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Pope Francis in Slovakia. In Košice, he met the Roma community in the Lunik IX estate

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Pope Francis, who has been in Slovakia since Sunday, went to the east of the country on Tuesday to meet the Roma community in Košice at the Lunik IX estate. This habitat, located near the landfill, struggles with poverty and poor living conditions. – Too often you have been the subject of prejudices and ruthless judgments, discriminatory stereotypes, slanderous words and gestures – said Francis.

Francis, visiting the area inhabited by the poor from the beginning of his pontificate, came to one of the symbolic places in this part of Central Europe. Addressing the representatives of the community, Francis referred to the words of Saint Paul VI in 1965: “You in the Church are not on the margins. You are in the heart of the Church.” – No one in the Church should feel out of place or set aside. It is not just a way of speaking, but it is a way of being the Church. Because to be a Church is to live as called by God, to feel entitled to live, to belong to the same team – said Franciszek.


– Yes, the Church is home, it is your home. Therefore, I would like to say to you from my heart: you are welcome, always feel at home in the Church and never be afraid to be there. Let no one keep you or anyone else away from the Church, he appealed.

The Pope at the Lunik IX estatePAP / EPA / MARTIN DIVISEK

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Pope Francis at the Roma estate in Koszyce

The Pope pointed out the need to break stereotypes. – It is not easy to go beyond prejudices, also between Christians. It is not easy to appreciate others, we often see obstacles or opponents in them and make judgments without knowing their faces and stories – he added. – Self-indulgent towards themselves, tenacious towards others. How often our judgments are in fact prejudices, how often we use adjectives, Francis said, calling this attitude “a verbal disfigurement of the beauty of God’s children.”

– Dear brothers and sisters, too often you have been the subject of prejudice and ruthless judgments, discriminatory stereotypes, slanderous words and gestures. As a result, we all became poorer, poorer in humanity. To regain our dignity, we must move from prejudice to dialogue, closure to integration, he said. The Pope said that closing people in ghettos does not solve anything, because when the confinement intensifies, sooner or later anger breaks out. He pointed to integration as the way to peaceful coexistence.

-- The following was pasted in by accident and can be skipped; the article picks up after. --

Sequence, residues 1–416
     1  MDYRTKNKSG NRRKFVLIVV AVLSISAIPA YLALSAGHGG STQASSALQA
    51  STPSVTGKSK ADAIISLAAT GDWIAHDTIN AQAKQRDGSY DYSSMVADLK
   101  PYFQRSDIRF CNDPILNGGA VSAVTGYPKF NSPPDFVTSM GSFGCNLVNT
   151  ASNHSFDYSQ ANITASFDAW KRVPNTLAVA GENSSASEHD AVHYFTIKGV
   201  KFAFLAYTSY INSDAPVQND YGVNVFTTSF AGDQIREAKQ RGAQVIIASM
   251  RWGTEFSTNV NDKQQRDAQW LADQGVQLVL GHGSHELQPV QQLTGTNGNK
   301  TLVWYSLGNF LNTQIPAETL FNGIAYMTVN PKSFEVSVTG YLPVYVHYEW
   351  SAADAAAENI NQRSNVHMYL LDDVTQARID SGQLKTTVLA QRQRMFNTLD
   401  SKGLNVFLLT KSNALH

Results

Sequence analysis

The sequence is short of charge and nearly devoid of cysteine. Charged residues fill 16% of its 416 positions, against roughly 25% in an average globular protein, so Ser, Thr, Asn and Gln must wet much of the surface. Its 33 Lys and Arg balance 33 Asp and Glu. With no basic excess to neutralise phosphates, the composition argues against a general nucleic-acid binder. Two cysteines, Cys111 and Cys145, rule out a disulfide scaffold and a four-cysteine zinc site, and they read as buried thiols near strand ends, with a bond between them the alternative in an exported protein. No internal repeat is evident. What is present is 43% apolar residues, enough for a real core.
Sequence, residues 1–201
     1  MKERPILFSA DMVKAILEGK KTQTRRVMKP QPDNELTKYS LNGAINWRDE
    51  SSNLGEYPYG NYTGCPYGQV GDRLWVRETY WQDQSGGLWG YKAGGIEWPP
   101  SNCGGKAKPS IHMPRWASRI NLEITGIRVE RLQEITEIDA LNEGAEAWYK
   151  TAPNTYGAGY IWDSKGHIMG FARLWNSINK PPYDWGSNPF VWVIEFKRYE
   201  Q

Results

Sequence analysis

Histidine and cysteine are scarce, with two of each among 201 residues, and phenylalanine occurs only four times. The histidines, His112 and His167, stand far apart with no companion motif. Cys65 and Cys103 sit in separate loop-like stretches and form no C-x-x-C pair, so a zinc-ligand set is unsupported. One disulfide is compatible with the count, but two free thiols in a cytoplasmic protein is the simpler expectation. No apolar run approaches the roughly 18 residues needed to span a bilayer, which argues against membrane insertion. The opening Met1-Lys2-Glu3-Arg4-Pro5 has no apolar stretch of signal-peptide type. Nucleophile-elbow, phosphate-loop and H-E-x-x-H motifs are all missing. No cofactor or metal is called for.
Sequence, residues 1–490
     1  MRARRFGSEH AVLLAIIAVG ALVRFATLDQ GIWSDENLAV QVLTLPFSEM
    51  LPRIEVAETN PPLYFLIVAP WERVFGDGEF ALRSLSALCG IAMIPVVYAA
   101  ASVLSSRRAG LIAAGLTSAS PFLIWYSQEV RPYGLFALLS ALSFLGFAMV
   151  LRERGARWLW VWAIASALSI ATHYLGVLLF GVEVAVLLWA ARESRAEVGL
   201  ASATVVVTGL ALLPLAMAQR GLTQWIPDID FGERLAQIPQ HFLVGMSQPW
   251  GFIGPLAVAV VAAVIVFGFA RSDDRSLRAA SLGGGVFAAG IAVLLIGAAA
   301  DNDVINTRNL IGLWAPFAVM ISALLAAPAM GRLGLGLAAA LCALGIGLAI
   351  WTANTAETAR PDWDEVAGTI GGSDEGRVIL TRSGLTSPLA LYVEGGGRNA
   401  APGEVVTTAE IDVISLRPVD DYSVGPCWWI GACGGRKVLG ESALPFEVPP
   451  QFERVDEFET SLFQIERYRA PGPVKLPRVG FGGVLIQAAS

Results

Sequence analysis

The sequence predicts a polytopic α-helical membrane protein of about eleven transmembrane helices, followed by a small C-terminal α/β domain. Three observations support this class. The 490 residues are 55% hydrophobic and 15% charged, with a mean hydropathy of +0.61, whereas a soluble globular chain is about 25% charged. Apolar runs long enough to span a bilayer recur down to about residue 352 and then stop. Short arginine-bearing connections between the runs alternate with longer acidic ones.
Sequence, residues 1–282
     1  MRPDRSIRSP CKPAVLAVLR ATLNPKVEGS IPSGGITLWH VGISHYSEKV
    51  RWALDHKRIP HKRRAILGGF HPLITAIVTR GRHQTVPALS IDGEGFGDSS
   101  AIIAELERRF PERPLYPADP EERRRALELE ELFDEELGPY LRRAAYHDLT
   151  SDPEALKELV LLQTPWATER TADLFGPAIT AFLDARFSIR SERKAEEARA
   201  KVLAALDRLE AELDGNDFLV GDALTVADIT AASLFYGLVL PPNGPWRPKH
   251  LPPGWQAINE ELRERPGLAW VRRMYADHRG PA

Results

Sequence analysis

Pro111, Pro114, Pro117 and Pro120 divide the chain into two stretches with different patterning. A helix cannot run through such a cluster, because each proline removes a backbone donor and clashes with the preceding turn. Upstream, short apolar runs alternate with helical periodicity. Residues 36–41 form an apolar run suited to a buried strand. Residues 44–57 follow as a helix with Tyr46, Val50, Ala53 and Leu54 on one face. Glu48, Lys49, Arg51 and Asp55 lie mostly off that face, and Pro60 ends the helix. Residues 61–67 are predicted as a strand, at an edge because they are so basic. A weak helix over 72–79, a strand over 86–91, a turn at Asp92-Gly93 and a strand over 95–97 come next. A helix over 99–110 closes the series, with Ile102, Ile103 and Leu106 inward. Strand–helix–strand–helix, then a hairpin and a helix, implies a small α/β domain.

A boy from the Lunik IX housing estate with a photo of Pope FrancisPAP / EPA / MARTIN DIVISEK

He also said that children’s dreams cannot break against barriers, because they want to grow up together with others, without obstacles and excluded. He appealed for making bold choices out of concern for the dignity of children, for their education, so that they would grow up “rooted in their origins, but at the same time seeing every possibility open”. – I encourage you all to confidently, step by step, cross the fears and wounds of the past: in honest work, in the dignity of earning daily bread, in cultivating mutual trust – he called.

Salesian mission in the Roma settlement

Francis thanked those who work for integration, which – as he admitted – requires not only great effort, but also is met with incomprehension and ingratitude, even in the Church sometimes. The head of the Salesian mission, Father Peter Besenyei said that when creating pastoral centers, priests looked for inspiration abroad, including in Poland, Hungary and Italy. As he noted, already in the times of the “totalitarian regime”, some Slovak priests “took risks and went to the peripheries to the poor”.

The Roma community at a meeting with Pope FrancisPAP / EPA / LUCA ZENNARO

Father Besenyei thanked the employers who offer Roma people “a suitable job and a regular salary” and added that they were thus providing them with decent work and integral development. The priest also expressed his gratitude to the parents who adopt Roma children.

Young spouses who grew up in the district told the Pope about their experiences Lunik IX and decided to stay in it. They both found jobs, the woman graduated in pedagogy. The parents of two young children said they were giving them “a more dignified and peaceful life.”

The Pope at the Lunik IX estatePAP / EPA / MARTIN DIVISEK

Lunik IX

At least 4,300 people live in the Lunik IX settlement of the Roma community in Košice. Difficult conditions prevail in decaying buildings located near a landfill. There is often a shortage of water and electricity, no heating, and some windows have no glass. This is an area of ​​many problems, as well as the missions of Salesian priests who carry out integration, aid and educational activities. As it has been noticed, they face challenges to which the state and local government are often helpless.


Pope Francis was greeted by Romani music and hundreds of cheering residents of the estate, many of them by the windows of apartment blocks.

A resident of Lunik IX, Mario Tomi told Reuters that he was counting on the Pope’s visit to help change the perception of the Roma community in Slovakia. About 440,000 Roma live in this country.

Main photo source: PAP / EPA / VATICAN MEDIA

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